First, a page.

Lying in the middle of the East Yorkshire countryside between Beverley and Hull was the lost village of Rowley. All that remains nowadays is the church and manor house, which is nowadays a hotel. The story of Rowley and its desertion starts in 1621 when Reverend Ezekiel Rogers became the Vicar at the village’s St Peter’s Church. In 1638 he was suspended from the church of England for his non-conformist and puritan beliefs. Following this he founded a settlement also called Rowley in Pennsylvania USA and took 20 families from the village to settle there with him, thus depopulating the original village. In 2008 it was revealed on the BBC programme ‘Who Do You Think You Are? Kent-born model, Jodie Kidd, was descended from one of these families called Grant. In St Peter’s Church there is a stained glass window which commemorates the village’s mass exodus and there is also a chalice which dates back to 1634 from which the original parishioners would have taken communion from.
Owthorne is one of the many lost Yorkshire villages which has been destroyed by the North Sea. Having watched surrounding villages on the coast meeting a watery end, the villagers of Owthorne took steps to ensure the same thing did not happen to them. In 1793 the church stood just 12ft from the sea and so some of the gravestones were dug up and buried elsewhere.
The village hung on for a few years, until it finally perished around 1838, where the remaining bodies from the graveyard washed up on the beach. Traces of the old village that remained were amalgamated with nearby Withernsea during its expansion in the 19th Century and the old mere, which stood between the two settlements are now the Valley Gardens.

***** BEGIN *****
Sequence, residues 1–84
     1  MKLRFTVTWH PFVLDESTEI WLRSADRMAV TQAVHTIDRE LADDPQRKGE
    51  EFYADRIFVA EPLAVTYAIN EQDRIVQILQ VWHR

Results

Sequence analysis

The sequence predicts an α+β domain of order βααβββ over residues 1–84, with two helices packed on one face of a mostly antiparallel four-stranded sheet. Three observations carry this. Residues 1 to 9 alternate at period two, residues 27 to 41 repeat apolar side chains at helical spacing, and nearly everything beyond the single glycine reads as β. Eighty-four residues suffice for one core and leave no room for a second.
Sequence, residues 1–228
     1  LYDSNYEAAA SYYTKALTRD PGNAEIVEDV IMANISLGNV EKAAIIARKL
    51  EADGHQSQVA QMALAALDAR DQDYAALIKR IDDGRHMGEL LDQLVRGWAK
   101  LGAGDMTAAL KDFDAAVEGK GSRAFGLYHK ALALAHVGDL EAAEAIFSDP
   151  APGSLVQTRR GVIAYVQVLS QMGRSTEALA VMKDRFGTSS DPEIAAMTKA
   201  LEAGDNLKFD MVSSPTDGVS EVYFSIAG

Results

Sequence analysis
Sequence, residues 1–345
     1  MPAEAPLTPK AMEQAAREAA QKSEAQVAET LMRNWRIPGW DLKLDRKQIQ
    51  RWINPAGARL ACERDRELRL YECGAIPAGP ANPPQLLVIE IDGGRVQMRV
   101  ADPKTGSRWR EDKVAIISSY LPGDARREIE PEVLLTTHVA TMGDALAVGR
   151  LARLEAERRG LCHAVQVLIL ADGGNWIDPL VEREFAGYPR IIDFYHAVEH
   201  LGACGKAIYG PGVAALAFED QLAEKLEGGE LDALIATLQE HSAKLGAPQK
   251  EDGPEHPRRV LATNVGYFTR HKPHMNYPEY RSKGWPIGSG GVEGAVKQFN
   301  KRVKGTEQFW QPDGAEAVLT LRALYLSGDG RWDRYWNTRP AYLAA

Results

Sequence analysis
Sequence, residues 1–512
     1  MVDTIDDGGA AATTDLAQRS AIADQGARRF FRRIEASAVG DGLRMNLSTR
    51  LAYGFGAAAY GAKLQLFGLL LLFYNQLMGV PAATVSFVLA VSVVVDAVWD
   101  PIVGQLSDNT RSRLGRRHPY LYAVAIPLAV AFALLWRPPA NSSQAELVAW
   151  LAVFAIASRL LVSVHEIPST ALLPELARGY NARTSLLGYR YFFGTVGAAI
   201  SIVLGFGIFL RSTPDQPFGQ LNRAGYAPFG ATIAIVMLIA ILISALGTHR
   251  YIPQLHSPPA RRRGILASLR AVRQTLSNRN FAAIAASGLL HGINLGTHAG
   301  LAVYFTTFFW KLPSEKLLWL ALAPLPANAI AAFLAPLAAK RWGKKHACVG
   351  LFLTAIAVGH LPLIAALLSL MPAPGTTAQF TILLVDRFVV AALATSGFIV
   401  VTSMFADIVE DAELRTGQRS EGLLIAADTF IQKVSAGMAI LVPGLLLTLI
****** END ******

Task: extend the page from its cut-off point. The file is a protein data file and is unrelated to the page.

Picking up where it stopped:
The village of Henderskelfe in North Yorkshire dates back to the days of the Vikings and means ‘Place of a thousand springs’ in Scandinavian. It was a thriving village with its own castle, church and manor house right up until the early 18th Century. The original medieval castle had been built during the reign of King Edward III but burnt down and was not rebuilt for another 300 years in 1683, only for it to be destroyed again by fire. Plans were afoot for a new castle to be built by John Vanbrugh, 3rd Earl of Carlisle which would be so big that it would take over the entire area. The only problem was there was a village in the way of his grand plans for the formal gardens and park. The solution was to flatten the village of Henderskelfe and distribute the population into nearby villages. While Castle Howard was built as a classic 18th Century country house, the ‘Castle’ part of its name is in reference to the village and fortification of which it replaced.
4. East Tanfield
Nestling by the side of the River Ure near Ripon once was the medieval village of East Tanfield. It was once a thriving community mentioned in the Domesday Book and under the possession of a French nobleman, Count Alan of Brittany. Mysteriously between 1513 and 1517 eight houses were destroyed and the village gradually deserted. All that remains are a few scattered farms. Evidence of a main street and the earthworks of the original village can still be seen buried underneath the farmland and is one of the best preserved deserted medieval settlements in Yorkshire.
This hamlet, just outside the village of Hade Edge near Holmfirth was built for the workers of a local quarry, called Magnum Bonum, which opened in the 1830s. Originally there were nine stonemasons who moved here and brought sandstone with them labourers, builders and their families to form the small community of Magnum. At its height there was a pub, church, Sunday school and Mission Hall, which were used by the sixty residents who worked at the quarry. Unfortunately once the work dried up at the quarry so did the village. By the 1950s the church and other buildings were demolished, leaving just piles of stones on the moorland where it once stood.